Advocacy groups have gone to federal court to force states to make higher payments to Medicaid providers to improve access. But a spokesman for state Medicaid officials said the courts are an inappropriate place for such disputes.
Whether states have the right to determine the amount of Medicaid reimbursements, especially as more and more of them move to managed care to keep costs under control, will be decided by the US Supreme Court. The battle is pitting patient advocates against those who say states must have the ability to run their own programs.
In December, a federal judge in Miami found that Florida’s Medicaid program had failed 2 million children because its meager reimbursements meant too few doctors and dentists were willing to see patients who relied on the program for care. And Florida, unlike 37 other states, has not expanded Medicaid under the Affordable Care Act (ACA), although there are groups asking the Florida legislature to revisit this issue.
Florida is among the states where patient advocates or physician groups have sought help from the federal courts to raise Medicaid provider payments. The program, which is jointly run between the federal government and the states, covers about 70 million low-income Americans. Other states that have seen lawsuits include Massachusetts, California, Illinois, Oklahoma, and Texas.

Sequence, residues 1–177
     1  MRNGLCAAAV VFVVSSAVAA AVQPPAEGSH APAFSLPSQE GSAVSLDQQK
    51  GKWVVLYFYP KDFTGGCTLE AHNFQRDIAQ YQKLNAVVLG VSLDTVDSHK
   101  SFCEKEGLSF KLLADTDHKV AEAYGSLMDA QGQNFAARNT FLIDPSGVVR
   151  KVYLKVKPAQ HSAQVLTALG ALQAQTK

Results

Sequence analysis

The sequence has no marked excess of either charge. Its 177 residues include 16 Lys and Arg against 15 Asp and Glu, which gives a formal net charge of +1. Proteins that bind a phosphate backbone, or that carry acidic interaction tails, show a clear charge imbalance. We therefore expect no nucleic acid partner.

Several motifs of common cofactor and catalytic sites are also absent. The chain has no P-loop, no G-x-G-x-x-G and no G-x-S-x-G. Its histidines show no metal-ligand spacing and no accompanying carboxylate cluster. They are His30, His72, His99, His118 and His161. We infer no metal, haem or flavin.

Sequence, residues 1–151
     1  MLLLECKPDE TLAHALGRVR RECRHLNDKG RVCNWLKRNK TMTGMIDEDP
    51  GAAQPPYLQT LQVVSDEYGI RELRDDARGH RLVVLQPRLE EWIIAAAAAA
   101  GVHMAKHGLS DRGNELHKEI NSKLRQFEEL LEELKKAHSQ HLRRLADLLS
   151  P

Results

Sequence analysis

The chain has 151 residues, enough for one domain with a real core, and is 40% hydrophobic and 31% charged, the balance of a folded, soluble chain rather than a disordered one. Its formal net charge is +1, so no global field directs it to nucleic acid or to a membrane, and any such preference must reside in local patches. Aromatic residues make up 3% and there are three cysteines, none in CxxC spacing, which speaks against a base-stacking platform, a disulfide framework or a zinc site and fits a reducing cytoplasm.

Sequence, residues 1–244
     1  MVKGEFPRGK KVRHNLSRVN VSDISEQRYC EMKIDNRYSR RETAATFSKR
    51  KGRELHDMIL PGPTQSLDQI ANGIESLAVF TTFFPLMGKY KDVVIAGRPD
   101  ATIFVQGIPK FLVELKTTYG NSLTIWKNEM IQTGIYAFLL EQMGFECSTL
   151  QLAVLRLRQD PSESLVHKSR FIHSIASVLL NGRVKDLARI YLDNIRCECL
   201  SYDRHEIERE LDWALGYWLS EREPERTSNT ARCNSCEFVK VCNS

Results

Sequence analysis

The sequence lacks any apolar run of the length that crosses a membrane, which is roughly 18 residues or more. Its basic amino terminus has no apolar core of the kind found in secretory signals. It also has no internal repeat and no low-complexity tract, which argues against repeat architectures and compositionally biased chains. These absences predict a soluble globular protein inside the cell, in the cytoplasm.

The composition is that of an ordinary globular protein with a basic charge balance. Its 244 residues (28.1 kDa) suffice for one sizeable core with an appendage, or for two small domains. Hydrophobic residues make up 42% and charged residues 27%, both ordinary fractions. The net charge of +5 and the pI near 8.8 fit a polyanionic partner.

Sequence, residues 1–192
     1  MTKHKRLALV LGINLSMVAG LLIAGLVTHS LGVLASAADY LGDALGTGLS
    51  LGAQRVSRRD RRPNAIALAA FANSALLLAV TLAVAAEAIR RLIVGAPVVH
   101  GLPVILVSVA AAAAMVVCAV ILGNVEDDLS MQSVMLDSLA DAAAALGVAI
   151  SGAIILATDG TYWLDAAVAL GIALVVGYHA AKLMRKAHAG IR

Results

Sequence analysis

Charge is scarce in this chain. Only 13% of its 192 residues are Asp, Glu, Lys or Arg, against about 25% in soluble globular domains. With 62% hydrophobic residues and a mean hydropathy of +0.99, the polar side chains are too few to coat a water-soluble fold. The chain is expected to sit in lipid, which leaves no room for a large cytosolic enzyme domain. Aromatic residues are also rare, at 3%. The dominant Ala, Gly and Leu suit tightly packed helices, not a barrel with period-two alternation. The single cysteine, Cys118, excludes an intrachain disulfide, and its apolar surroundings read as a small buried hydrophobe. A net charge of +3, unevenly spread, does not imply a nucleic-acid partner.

The Supreme Court also agreed to hear a case from Idaho involving payments to centers that care for persons with developmental disabilities. In 2011, a lower court agreed with the centers that Idaho had unfairly frozen reimbursement rates at 2006 levels. That case will be heard January 20, 2015.
Matt Salo, executive director of the National Association of Medicaid Directors, told news outlets that federal courts are an inappropriate venue for such disputes, and that those who seek to raise reimbursement rates should take their complaints to state and federal Medicaid officials.
Meanwhile, an advocacy group said a victory by Idaho would have a “chilling effect” on lawsuits, which have caused higher payments in some jurisdictions. “The record of success in lawsuits … shows that courts found that Medicaid laws were being violated,” Sarah Somers of the National Health Law Program told Kaiser Health News.
Kaiser has previously reported that the movement to Medicaid managed care has passed a “tipping point” as states seek cost savings, especially to handle the influx of enrollees newly eligible under the ACA. This march toward managed care continues despite some well-publicized failures and delays, which typically occur when states have a rapid transition to managed care to deal with budget shortfalls.
An increase in the use of Medicaid managed care, coupled with low reimbursement rates, has created access issues in areas where physician shortages were in place before Medicaid expansion. An op-ed in the Lexington Herald outlined how some Kentucky hospitals are having to shift resources to handle influxes of patients who are newly insured but cannot find a primary care physician willing to accept their Medicaid coverage.
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